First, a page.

On July 31, 1944, the poet and pilot Antoine de Saint-Exupéry took off in an unarmed Lockheed P-38 Lightning on a reconnaissance mission from an airbase on Corsica. The last radar echo of his aircraft was reported at 8:30 over the Mediterranean, near the French coasts, and the author of Le Petit Prince is believed to have died at that time.
In May 2000, Luc Vanrell, a professional diver, found the partial remains of a Lockheed P-38 Lightning spread over thousands of square metres of the seabed off the coast of Marseille. The discovery galvanized the country, which for decades had conducted searches for his aircraft and speculated on Saint-Exupéry’s fate. Eventually, the remnants of the aircraft were recovered in October 2003.
Today, the Aquatimer Automatic Edition “35 years Ocean 2000” accompanies Luc Vanrell for a dive of over forty metres, following in the footsteps of Saint-Exupéry and his Lightning P38.
The very first Iwc Watch 1963 Replica watch to feature an electronic display of this time was really made in the late 19th century. The Pallweber platform is regarded as the very first digital pocket watch movement. The brand’s first electronic pocket watch, based on IWC’s archives, was the Savonnette pocket watch Pallweber of 1886. The brand new IWC Tribute to Pallweber Edition “150 Years” is a fairly faithful recreation of the exact same pocket watch.Of course, it’s a wristwatch, as it comes at a round 45mm wide 18k red gold situation. A distinctive trait of this case is its own cable lugs, which can be something which you don’t find that often on contemporary watches. It also gives the watch a very vintage feel and look. Also noteworthy is the massive 18k red gold onion crown. Water resistance is rated at 30m and the watch includes a black alligator strap made by longtime IWC partner Santoni.The expansive white lacquered dial is superbly minimalist. At 12 o’clock, you have an aperture for the digital display of those hours, which can be clearly labeled in reference to the pocket watch’s layout. Below it and closer to the middle of the dial is just another aperture for the digital display of the moments, again clearly tagged. In the end, at 6 o’clock you have a sub-dial that reveals the running moments, which helps the design’s equilibrium while supplying some motion on the otherwise stark face. There’s nothing superfluous about the dial and that I feel the choice of fonts and both black rings that hold the various displays together produce a very Art Deco vibe.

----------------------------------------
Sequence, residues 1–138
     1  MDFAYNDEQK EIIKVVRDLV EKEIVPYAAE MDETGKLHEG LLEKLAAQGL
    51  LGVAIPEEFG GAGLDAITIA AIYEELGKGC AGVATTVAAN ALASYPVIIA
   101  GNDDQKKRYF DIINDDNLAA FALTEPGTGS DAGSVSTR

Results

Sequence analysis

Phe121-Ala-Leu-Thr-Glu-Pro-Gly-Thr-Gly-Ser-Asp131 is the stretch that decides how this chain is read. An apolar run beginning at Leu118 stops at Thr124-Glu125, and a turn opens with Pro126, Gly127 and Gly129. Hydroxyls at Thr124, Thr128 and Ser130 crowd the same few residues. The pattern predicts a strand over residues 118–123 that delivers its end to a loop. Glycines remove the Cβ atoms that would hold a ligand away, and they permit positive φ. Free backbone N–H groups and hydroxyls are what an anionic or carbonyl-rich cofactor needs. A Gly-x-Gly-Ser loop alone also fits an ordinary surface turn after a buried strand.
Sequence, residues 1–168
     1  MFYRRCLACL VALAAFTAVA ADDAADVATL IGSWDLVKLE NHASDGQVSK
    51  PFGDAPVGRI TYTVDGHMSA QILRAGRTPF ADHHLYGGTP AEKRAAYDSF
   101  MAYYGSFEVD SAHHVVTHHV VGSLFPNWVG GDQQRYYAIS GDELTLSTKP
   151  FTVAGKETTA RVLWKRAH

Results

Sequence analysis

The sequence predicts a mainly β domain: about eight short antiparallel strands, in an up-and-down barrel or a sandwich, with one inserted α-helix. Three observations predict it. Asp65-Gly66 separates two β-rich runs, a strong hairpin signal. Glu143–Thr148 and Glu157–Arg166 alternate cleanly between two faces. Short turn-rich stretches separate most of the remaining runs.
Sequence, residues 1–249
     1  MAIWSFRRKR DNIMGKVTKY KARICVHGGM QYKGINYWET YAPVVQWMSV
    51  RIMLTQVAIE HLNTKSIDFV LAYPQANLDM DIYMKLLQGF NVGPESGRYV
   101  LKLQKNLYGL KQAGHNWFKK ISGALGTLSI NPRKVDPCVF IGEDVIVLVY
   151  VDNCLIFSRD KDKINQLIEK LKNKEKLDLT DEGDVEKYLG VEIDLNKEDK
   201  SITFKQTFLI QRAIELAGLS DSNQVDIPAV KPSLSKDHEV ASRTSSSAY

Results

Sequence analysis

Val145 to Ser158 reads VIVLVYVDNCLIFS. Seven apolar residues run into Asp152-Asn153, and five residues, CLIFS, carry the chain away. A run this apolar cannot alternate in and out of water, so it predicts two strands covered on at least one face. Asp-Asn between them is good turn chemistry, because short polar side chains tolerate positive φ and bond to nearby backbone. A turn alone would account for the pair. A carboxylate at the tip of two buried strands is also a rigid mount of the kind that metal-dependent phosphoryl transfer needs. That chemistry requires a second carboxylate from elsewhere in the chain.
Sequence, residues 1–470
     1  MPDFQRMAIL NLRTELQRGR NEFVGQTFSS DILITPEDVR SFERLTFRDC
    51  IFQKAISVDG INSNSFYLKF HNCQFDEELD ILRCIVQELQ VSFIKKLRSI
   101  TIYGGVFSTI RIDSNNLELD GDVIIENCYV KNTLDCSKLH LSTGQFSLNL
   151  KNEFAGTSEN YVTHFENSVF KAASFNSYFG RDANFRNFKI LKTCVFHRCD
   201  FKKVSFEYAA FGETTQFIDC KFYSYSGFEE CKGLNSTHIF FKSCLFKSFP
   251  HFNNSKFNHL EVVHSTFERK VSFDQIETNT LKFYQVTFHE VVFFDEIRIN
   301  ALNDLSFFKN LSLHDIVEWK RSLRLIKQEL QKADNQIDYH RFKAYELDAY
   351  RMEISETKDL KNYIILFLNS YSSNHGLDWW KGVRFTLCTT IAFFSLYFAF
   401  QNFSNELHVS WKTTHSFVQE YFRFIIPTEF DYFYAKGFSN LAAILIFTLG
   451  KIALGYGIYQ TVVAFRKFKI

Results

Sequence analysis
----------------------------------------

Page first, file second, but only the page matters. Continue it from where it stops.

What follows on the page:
IWC Schaffhausen has worked closely with Antoine de Saint-Exupéry’s descendants since 2005 and also has a solid commitment to the Fondation Antoine de Saint-Exupéry.